Letters for Tuesday, August 27, 2013

Let’s work toward consensusCouncil failed to do homeworkBill 2491 could unite KauaiRandom acts of kindnessGood point, Mr. Manawai

Let’s work toward consensus

For me, reading the reports on the GMO meeting and the serious division on Kauai became less about the familiar points that were being made and more about how unnecessary all this was. I say unnecessary because I finally realized that Gary Hooser put this Bill 2491 together without spending time with the westside scientists and farmers he’s legislating against.

By working with all the stakeholders, there may have come from that basic kind of leadership, something that the people of Kauai could eventually agree upon. Instead, we have to deal with a polarized, demonized mess.

I think everyone, including myself, was so busy arguing for their side that we were blind to what seems so obvious now. We need to scrap this bill of division, take time to put aside the emotions it caused, and work toward consensus legislation that respects the rights and concerns of all stakeholders.

Pete Antonson

Lawai/Manila

Council failed to do homework

What is wrong with our elected council members. They should have done their homework before having testimony for Bill 2491 whether for or against it.

In 2009, my granddaughter was one of the students from Waimea Canyon School that fainted and had to go to the Waimea Hospital.  

Today, the company that did the spraying doesn’t grow anything in the field next to Waimea Canyon School. Before anyone else gets sick, take action whether you vote for or against.

You can’t please everyone on this island. Also, who knows later whether we all will be getting sick from all this spraying. Council members do your job, don’t defer this measure. Be accountable that’s why you are in office. Remember all the military that went to Vietnam that was effected from agent orange. Talk to the veterans that are now getting sick years and years later. These military members are filing for disability for the sickness they have now. Do what you think is right.

Gilbert Nobrega Jr.

Hanapepe

Bill 2491 could unite Kauai

Bill 2491 is bringing a unique opportunity for the island to unite. Folks who have hardly ever been to the westside have visited a whole lot more to chat with the residents about the situation. We are talking with each other and united by the common desire to have a healthy community. Doctors, nurses, scientists, farmers, mothers, neighbors coming together in supporting Bill 2491 as they are concerned about the health issues arising in Kauai and they know our right to know is self evident.

Why are these companies trying so hard to hide the truth about what they are using and why would they oppose our children’s rights to go to school and have a buffer area protecting them?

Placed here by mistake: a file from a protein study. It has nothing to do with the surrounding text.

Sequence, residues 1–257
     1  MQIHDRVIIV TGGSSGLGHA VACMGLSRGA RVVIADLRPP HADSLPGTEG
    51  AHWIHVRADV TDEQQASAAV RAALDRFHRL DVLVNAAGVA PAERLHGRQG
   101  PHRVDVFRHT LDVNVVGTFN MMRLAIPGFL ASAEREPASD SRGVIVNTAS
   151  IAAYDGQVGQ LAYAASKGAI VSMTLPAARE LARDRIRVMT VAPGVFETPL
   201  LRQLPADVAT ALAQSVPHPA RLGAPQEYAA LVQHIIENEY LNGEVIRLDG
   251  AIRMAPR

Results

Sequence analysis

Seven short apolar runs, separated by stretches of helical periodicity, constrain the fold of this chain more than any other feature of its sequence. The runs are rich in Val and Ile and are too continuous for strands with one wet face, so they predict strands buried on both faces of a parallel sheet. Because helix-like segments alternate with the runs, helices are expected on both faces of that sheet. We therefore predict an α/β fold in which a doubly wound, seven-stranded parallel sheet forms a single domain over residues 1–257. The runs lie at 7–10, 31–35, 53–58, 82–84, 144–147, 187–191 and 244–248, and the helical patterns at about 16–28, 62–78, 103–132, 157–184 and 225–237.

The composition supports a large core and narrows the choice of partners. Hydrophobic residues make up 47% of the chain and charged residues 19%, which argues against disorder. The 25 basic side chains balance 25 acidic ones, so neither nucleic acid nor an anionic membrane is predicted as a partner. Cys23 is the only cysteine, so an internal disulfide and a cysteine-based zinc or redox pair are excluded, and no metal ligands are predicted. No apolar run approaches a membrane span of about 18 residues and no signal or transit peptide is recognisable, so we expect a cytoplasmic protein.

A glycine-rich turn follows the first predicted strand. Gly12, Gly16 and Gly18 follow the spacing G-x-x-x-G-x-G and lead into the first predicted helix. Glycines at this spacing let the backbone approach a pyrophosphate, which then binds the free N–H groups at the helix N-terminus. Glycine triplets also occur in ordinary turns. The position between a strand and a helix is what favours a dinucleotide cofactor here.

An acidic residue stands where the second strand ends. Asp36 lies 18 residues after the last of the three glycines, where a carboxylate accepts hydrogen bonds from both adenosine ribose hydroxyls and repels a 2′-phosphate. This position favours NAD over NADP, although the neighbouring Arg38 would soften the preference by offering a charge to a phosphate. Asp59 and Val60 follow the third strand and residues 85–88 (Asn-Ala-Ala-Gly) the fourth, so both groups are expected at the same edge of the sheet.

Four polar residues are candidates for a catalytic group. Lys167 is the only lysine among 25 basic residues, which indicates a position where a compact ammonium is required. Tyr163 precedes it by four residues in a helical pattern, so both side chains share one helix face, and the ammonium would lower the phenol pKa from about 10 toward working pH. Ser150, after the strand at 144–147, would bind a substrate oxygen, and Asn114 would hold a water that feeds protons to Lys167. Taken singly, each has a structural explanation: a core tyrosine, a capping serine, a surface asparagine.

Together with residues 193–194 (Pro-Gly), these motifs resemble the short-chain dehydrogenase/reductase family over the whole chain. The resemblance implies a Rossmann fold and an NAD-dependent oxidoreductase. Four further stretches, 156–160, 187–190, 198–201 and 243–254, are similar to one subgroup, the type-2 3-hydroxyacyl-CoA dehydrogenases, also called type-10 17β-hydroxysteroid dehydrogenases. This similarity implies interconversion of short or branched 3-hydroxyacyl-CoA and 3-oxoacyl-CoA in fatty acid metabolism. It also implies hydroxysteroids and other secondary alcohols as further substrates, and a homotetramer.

This bill came to exist because of members of the community expressing concern about the situation, because of these companies lack of transparency and because people  want to be safe in the place they were born or chose as a home.

Joanna Wheeler

Kapaa

Random acts of kindness

Mahalo nui loa to the wonderful young man who, on his way up my road on Puuopae Sunday, bent down and scooped up a discarded plastic bag, which had blown on to and stuck on my outside fence line due to the strong trade winds.  

I was doing one of my favorites, relaxing on the front lanai with my doggies snoring, face buried in the Sunday Garden Island newspaper, when I heard someone coming up the street. Although I have a thick, mock orange hedge, there’s a gap at the bottom where I can see feet/legs walking past.

This nice young teenage man, wearing a backward baseball cap and carrying a skateboard, had a trash bag with him, and he was picking up all the rubbish he saw on the grass verge on his way up.

I called over and thanked him very much and he just said he appreciated it was noticed and carried on up the road picking up trash. He had absolutely no idea I had even seen him through the hedge until I called “thank you!”

What blessings we have and he brought me much joy; such a small but selfless, unsolicited act. I don’t know your name, but God bless you! (Maybe your parents know who this is? Does your son with a skateboard come home with a brown trash bag of other people’s ‘opala and a wide, infectious smile?) Your son is spreading joy. As Mother Teresa said, “Joy is a net of love by which you can catch souls.”

Carol Beardmore

Wailua Homesteads

Good point, Mr. Manawai

Thank you Jason Manawai for your letter pointing out the need for full ingredient disclosures for restaurant menus. I would go a step further and say eating at a restaurant is like playing Russian roulette.

We have the privilege to enact laws that will protect the citizens from greedy few. I own a restaurant and will not oppose your suggestion.

A child’s question, “Daddy, if the GMO people are so proud of their work why do they fight to keep it off food product labels?”

Let’s get this GMO law passed then we can work on making dining out safer. After that, for kicks, we can bring Hawaii into the 21st century with some fish and game regulation.

Wouldn’t it be nice to see abundant lobster, opihi and limi kohl again?

Tom Pickett

Kilauea

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